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Psalm 71:1-16


  

In you, O LORD, do I take refuge; let me never be put to shame! In your righteousness deliver me and rescue me; incline your ear to me, and save me! Be to me a rock of refuge, to which I may continually come; you have given the command to save me, for you are my rock and my fortress.

 

Rescue me, O my God, from the hand of the wicked, from the grasp of the unjust and cruel man. For you, O Lord, are my hope, my trust, O LORD, from my youth. Upon you I have leaned from before my birth; you are he who took me from my mother's womb. My praise is continually of you. I have been as a portent to many, but you are my strong refuge. My mouth is filled with your praise, and with your glory all the day. Do not cast me off in the time of old age; forsake me not when my strength is spent. For my enemies speak concerning me; those who watch for my life consult together and say, "God has forsaken him; pursue and seize him, for there is none to deliver him."

 

O God, be not far from me; O my God, make haste to help me! May my accusers be put to shame and consumed; with scorn and disgrace may they be covered who seek my hurt. But I will hope continually and will praise you yet more and more. My mouth will tell of your righteous acts, of your deeds of salvation all the day, for their number is past my knowledge. With the mighty deeds of the Lord GOD I will come; I will remind them of your righteousness, yours alone. (ESV)

 

Our Father...

Friday of Easter 5

8 May 2015

The Lord's Prayer is a very special form of speech delivered to the church with which to address our heavenly Father. The church prays these words given by our Lord Jesus when she gathers around the table of the Lord to receive that body and blood which conveys forgiveness of sins. It has become the "table prayer" of the church. The recitation of the Lord's Prayer in a corporate context includes its challenges. I am grateful for the liturgical invitation to the Lord's Prayer that has been inserted into some Eucharistic services: "Lord, remember us in your kingdom and teach us to pray...Our Father..." This versicle elicits the response of the people, so that they join the pastor to pray the words, "Our Father..." In the services where the prayer is not so introduced, many of the pray-ers never form on their lips this wonderful and intimate name for our God: "Our Father..." When the pastor begins the prayer, only after the introduction to the Lord's Prayer do the people begin to form the words, "who art in heaven..." And while the pastor is speaking for the people, the more recent liturgical tradition has been to place the words of the prayer on the lips of the people as a whole when gathered around the Eucharistic table. Unfortunately, this prayer remains woefully incomplete if the people do not form this intimate address, "Our Father..." with their own lips.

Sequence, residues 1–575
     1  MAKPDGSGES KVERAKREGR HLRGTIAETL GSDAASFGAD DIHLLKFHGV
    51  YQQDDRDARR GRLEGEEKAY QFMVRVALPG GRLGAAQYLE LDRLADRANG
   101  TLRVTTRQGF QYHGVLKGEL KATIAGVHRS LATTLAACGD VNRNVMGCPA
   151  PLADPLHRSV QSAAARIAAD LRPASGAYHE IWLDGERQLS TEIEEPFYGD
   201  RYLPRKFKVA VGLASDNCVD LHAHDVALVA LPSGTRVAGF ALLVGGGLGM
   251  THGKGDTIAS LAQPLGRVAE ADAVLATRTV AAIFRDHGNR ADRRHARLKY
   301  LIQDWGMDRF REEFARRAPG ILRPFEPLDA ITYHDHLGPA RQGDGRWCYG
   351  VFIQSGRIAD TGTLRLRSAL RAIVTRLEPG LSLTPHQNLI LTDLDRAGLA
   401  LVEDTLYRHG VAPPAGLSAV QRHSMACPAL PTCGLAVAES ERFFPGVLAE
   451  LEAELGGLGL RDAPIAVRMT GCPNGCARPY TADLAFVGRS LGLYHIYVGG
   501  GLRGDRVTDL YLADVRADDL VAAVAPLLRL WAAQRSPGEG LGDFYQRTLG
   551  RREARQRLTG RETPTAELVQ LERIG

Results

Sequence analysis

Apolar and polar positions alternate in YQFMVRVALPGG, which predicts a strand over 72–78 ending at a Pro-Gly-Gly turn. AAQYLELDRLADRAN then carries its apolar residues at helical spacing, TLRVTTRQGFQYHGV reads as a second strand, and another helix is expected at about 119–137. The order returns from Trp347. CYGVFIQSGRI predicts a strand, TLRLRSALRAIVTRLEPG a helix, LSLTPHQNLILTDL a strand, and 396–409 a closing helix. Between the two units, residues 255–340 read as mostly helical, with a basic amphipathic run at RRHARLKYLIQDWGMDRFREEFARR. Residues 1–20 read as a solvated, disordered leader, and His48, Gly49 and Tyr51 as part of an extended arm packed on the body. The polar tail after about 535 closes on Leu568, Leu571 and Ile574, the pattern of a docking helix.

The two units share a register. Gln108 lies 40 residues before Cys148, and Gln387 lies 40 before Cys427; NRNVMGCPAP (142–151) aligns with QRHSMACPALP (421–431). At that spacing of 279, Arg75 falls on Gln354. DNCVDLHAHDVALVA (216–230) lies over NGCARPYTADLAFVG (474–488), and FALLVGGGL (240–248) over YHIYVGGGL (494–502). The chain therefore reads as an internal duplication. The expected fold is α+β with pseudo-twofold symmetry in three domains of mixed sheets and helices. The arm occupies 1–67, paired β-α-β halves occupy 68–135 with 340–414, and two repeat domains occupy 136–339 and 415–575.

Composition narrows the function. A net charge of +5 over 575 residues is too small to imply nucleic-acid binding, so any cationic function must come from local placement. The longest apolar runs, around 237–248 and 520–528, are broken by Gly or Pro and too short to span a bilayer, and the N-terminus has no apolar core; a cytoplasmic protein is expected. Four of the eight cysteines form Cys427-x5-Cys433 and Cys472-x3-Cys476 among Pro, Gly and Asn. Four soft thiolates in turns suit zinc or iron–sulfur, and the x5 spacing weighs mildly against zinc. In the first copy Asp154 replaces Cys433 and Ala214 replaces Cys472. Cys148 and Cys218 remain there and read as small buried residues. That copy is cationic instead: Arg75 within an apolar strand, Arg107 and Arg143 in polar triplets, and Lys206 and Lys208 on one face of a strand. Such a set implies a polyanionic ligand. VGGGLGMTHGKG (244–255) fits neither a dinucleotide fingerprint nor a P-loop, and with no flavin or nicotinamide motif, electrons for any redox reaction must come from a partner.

Very seldom is God called "Father" in the Old Testament. When the name does appear, such expressions are often looking forward to the New Testament, a shadow of the good things to come. Only those who have arisen to the new life from the water of the font find themselves with the name "Father" constantly on their lips. In the rite of baptism, which Chrysostom calls "those marvelous experiences, and that strange and unusual mode of labor," the ancient church must have arranged it that the newly initiated believer would intone the words of this prayer. So those who have experienced drowning and burial into the death of Christ and resurrection with Him, and in so doing have been adopted into God's family, immediately address their Father in the most intimate terms, "Our Father..." If baptism is rebirth in Christ to a new family, then the first words that should arise from the lips of the newly adopted are rightly, "Our Father..."